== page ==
Bar Primi took over the old Peels space, which seems appropriate insofar as there was perhaps never a more disappointing restaurant in recent downtown dining history than Peels. The old Curbed office was a few blocks away, so we were there on opening day, savoring the biscuit program, and again soon after when they rolled out a fried chicken sandwich you could carry away in a bag. But over time, the issues accumulated: surly staff, inconsistent food, and, most oddly, the fact that Michael Wolff was sitting at the counter most every morning I went in for coffee.

The upstairs room of Peels, though, was always gorgeous, and it’s basically the same vibe now at Bar Primi, with the bar slightly reconfigured. It’s a great summery room, airy and bright. And it’s got a great chef, obviously; worth noting that on my three-week Monday/Tuesday/Monday run, AC was in the kitchen each time. All of which helps to make Bar Primi the Restaurant of the Summer 2014.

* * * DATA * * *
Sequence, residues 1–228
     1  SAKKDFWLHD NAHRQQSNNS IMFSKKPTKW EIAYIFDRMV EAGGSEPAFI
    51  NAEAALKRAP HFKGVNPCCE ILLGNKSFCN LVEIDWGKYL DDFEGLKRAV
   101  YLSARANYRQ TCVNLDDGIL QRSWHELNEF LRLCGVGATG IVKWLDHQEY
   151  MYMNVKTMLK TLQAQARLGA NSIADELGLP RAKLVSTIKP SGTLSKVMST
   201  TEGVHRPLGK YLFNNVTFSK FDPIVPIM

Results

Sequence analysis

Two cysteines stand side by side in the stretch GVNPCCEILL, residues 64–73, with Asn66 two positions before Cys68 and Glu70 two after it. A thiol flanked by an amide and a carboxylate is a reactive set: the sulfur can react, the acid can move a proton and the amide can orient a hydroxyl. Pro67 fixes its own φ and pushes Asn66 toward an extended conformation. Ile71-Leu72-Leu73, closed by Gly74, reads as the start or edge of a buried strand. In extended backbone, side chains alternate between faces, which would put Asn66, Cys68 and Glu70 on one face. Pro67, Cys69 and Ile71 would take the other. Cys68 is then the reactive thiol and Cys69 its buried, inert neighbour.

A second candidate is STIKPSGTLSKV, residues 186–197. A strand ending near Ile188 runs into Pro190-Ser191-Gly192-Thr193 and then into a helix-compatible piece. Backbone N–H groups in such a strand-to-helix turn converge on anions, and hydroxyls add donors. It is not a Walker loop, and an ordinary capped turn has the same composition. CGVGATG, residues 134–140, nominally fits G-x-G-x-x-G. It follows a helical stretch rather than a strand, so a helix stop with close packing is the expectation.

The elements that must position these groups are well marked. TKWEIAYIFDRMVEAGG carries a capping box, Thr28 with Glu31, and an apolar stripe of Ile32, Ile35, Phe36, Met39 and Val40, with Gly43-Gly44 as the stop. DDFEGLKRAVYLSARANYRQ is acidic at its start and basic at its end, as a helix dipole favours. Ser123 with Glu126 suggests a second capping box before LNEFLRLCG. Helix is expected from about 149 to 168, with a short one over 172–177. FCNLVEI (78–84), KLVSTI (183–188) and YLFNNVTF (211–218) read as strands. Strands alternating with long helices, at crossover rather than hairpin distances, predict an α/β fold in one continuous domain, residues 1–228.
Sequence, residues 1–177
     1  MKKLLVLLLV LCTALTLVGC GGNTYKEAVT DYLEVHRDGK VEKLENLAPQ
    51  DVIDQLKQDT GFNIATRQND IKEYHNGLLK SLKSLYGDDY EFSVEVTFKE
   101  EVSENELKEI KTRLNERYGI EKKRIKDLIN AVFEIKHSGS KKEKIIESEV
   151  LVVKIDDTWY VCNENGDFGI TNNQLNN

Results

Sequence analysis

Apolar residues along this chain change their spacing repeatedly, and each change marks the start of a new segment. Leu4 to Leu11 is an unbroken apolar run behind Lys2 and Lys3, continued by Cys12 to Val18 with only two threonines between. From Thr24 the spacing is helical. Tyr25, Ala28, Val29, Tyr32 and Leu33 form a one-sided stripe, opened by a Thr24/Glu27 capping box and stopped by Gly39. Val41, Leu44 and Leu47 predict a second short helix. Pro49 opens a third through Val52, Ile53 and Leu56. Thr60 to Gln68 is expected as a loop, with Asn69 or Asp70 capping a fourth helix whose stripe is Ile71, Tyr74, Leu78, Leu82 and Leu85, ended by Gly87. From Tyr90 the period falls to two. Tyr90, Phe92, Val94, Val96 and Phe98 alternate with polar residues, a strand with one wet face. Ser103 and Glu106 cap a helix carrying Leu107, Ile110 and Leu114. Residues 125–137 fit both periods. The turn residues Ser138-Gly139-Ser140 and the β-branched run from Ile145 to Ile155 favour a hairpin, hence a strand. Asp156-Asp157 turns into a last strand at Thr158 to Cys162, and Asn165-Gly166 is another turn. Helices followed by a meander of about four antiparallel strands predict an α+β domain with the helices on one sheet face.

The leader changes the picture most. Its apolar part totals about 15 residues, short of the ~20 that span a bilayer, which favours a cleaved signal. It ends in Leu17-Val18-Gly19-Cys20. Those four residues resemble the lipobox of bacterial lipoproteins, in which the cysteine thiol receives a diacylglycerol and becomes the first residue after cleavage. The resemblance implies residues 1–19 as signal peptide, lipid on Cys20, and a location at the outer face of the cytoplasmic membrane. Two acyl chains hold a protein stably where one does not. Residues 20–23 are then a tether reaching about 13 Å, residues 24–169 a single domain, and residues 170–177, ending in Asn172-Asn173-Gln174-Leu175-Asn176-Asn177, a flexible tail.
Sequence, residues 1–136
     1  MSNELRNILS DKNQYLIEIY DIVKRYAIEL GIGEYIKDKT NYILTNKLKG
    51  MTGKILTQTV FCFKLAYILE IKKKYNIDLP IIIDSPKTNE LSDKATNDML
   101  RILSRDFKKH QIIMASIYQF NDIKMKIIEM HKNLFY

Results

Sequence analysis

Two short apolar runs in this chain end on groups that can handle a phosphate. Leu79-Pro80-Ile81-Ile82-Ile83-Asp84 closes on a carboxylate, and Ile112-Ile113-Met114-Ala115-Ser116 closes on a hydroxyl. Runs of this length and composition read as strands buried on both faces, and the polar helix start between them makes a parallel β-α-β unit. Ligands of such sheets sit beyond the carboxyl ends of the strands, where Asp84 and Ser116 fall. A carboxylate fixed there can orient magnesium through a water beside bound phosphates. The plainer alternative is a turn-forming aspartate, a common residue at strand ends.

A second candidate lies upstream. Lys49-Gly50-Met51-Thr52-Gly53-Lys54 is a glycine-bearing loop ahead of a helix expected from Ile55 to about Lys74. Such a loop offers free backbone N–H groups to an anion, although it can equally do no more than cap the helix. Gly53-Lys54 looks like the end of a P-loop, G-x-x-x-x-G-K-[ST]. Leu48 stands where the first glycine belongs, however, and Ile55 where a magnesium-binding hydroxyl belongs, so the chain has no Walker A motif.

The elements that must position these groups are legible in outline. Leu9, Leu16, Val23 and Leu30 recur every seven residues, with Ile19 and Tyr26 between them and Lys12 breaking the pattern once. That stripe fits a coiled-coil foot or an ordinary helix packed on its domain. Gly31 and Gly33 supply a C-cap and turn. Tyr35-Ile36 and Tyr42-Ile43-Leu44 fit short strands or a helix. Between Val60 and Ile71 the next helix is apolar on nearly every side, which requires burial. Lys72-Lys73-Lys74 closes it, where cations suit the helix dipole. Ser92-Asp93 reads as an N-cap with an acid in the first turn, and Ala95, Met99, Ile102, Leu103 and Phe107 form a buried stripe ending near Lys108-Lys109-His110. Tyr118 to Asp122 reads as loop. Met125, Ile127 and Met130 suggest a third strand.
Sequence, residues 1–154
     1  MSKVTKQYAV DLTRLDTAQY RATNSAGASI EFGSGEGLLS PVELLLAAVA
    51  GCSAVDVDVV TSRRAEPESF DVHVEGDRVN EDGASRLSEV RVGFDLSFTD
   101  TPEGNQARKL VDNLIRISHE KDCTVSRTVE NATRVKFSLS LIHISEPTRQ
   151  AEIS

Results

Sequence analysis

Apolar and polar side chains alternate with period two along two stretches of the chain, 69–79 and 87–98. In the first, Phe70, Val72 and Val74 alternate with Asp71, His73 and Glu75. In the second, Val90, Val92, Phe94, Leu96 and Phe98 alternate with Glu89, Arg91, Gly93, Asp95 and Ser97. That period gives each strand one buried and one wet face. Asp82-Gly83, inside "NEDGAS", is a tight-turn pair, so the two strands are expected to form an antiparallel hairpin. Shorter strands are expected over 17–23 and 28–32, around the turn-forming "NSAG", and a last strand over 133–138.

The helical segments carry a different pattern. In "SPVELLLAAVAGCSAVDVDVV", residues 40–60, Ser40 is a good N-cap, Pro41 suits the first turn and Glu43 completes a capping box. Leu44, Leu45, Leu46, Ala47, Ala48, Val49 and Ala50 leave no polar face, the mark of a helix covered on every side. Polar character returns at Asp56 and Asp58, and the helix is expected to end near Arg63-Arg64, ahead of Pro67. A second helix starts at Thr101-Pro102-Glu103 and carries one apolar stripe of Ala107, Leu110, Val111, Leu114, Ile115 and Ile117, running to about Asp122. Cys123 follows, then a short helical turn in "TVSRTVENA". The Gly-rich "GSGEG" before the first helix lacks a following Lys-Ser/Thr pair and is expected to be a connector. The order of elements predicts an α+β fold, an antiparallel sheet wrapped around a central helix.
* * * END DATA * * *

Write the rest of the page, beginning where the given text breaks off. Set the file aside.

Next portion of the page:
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[Photo by Daniel Krieger/Eater]

But in a twist, Summer 2014 in Manhattan features a second, equally worthy, restaurant of the summer. It’s Claudette, a new restaurant on Lower Fifth Avenue from Carlos Suarez. I’m a regular at Rosemary’s, Suarez’s joint on West 10th. Claudette’s a harder place to be a regular but one hell of a great place for a summer dinner. In a genius move, Suarez ripped off the old greenhouse that extended onto Fifth Avenue and handicapped restaurants like Cru that once occupied this space. Now, with the tall doors thrown open to Fifth Avenue, it’s a totally different place. The menu here is Mediterranean by way of the south of France (get the chicken tagine or fresh fish). All of which helps to make Claudette the Second Restaurant of the Summer 2014.

And now, without further ado, onward to fall.